…Do As The Romans Do

Hi everyone!
It’s James again and this is the second blog post I’ve
written about my first Flames of War Company, which as you found out in the first blog, is an Eastern Front Battaglione Alpini.
In the first blog I wrote about why I chose this army, so
when I thought about what to write for the second blog, the first thing that
came to mind was to write about the Italian national rules and how I’d use them
in my opening games… 
The Unknown Hero, jacket off, shirt unbuttoned and sleeves
rolled up 
ready for action!
However…

Seeing as Ben and I have my first proper game booked and
he’s also the person I’m submitting blogs to for editing and posting, I think
I’ll keep my tactics and ideas quiet for a few more weeks so that I might still
provide the odd challenge as his Soviets roll over the poor Italians!

So this blog will be about the collecting, modelling and
painting of my first units and an Italian tactics blog will appear soon after
along with a battle report.
The latest unit finished: 100/17 Howitzer Platoon
As a keen gamer, the first thing I did once I’d made up my
mind to collect a Flames of War army was read and re-read Eastern Front and to
purchase the company organisation charts for this book on Easy Army. This led
to hours of clicking, sums, researching paint schemes and gazing at models and
articles on Battlefront’s website before I eventually made my first order!
One of the many lists
Seeing as I’ve started many a project in the past by
ordering the whole army in one go and then failing to paint it, I ordered
enough for my first Combat Platoon and HQ and made a promise to paint
everything I bought before I bought the next section of the army… Something
I’ve actually stuck to over the last year, which is why the collection has
taken so long to assemble and why it’s all painted! When looking at the combat
platoons though, I noticed that each Platoon of Alpini comes with nine Rifle or
Rifle/MG teams I have had to cobble together an extra stand from extra
command teams for each of the three platoons I’ve painted so far.
My first finished platoon and Company HQ.
Once the models arrived through the post I set about
cleaning them up and getting them ready for assembly but also got out the modelling
putty to sculpt the feathers and bosses for their helmets. This seemed daunting
at first, and it does add an extra hour or so to the construction of every
platoon but it’s worth it to properly customize the models and make them
Alpini!
The Boss
I followed the guide on the Battlefront website for the feathers,
first applying a tiny dot for the boss before adding a tiny sausage shaped bit
of putty for the feather and using a sculpting tool to shape the boss and the
sharp edge on the tool to cut lines into the feather to define it. It’s
important to keep your fingers, the tools and the putty wet whilst you do this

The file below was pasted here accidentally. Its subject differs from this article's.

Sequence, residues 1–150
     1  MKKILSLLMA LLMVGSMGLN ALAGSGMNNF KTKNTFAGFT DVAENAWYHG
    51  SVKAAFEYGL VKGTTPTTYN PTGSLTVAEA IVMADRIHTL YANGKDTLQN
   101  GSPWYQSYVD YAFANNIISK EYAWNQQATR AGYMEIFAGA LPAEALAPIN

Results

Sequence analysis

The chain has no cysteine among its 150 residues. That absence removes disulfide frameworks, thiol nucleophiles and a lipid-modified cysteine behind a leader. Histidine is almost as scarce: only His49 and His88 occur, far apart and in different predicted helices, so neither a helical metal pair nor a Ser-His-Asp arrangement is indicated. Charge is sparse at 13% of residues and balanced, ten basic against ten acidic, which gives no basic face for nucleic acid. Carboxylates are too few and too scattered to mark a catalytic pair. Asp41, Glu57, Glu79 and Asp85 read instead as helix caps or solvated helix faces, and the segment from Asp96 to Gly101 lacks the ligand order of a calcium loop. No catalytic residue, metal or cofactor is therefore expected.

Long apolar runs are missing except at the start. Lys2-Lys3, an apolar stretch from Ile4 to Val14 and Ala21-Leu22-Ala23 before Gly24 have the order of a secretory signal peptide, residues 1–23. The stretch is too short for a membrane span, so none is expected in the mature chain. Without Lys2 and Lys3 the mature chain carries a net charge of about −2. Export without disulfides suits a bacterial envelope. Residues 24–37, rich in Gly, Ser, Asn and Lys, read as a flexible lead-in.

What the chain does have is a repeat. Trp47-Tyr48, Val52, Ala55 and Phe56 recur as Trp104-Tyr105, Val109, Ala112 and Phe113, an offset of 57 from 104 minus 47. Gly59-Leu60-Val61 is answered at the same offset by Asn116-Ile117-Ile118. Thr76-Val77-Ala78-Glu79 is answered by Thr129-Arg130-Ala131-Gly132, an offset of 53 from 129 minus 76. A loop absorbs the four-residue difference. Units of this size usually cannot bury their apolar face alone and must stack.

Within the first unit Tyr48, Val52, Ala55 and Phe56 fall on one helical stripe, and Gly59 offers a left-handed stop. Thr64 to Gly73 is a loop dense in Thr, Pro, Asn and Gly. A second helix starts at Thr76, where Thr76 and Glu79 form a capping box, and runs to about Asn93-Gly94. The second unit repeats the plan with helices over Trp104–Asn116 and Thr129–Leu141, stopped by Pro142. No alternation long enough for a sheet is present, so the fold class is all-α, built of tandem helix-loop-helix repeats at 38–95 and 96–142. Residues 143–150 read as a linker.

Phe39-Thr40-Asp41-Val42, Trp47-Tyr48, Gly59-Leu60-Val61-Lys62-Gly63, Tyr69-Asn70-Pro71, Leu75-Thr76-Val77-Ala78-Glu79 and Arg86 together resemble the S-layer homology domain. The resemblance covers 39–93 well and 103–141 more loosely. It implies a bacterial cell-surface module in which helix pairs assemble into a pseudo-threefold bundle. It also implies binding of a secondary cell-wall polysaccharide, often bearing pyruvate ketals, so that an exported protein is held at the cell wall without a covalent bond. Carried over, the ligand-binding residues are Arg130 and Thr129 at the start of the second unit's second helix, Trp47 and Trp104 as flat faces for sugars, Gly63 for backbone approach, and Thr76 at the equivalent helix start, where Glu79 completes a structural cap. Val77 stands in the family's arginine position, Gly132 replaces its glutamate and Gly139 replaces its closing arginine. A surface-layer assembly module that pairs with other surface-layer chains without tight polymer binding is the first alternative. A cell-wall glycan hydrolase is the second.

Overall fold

otherwise the modelling putty will stick to anything except the helmet of the
model you’re converting!
The feather putty added
The feathers I’ve sculpted are slightly larger than those in
the guide. At first this was due to my skill level, but after a lot of practice
I found that whilst I could reduce the size of the feathers, I preferred them
slightly bigger than they should be so that they actually stand out and can be
seen.
The feather and boss sculpted
Next I turned to basing and have tried several different
types of air drying putties, fillers and such instead of sands or grits because
the stands I had available were flat and I wanted to blend each figures base
into the stand properly. This, indirectly, is also why I based my light tanks
and self-propelled guns. I didn’t want my infantry to tower over the vehicles
so gave them a few extra millimetres of height. By using modelling clay for
these bases and an unpainted vehicle hull I was able to leave track marks on
the base, making the tank look as if it was advancing.

Once this was done, I undercoated the models
with a good undercoat black spray and prepared for painting. After some
research into the variation and colour of the Alpini’s kit during the war I
settled on a colour scheme similar to the picture below but adapted it slightly
to make the models and details
stand out and to make sure that I could use the paints I owned could be used.

Picture copied from: www.comandosupremo.com

When the Italians created the 8th Italian Army on
the Eastern Front they didn’t send many tanks with their infantry and at some
of the tanks they did send were still in desert colours! These tanks didn’t
really blend in to the Russian Steppe and so Italian tank crews slathered their
tanks in mud to help them blend in as they advanced to the River Don.  To represent this, I painted all the tanks I
have in desert colours and then used textured paint to apply patches of mud to
the model before dry brushing this to add a bit of depth!

L6/40 tanks on the advance, armour plates covered in mud!

So
next time, hopefully after a few games (if you’re in the Bournemouth or
Southampton area, message me and we can organize a game if you’d like) I’ll
write about tactics, Italian rules and force organisation… but instead of the
very useful analogy of a making a good stew

… It’ll be: Making a Good Calzone!

Avanti Savoia!

Happy war gaming everyone!

James McMeiken

Category: Flames of WarItaliansMid WarPainting

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Article by: Mark Goddard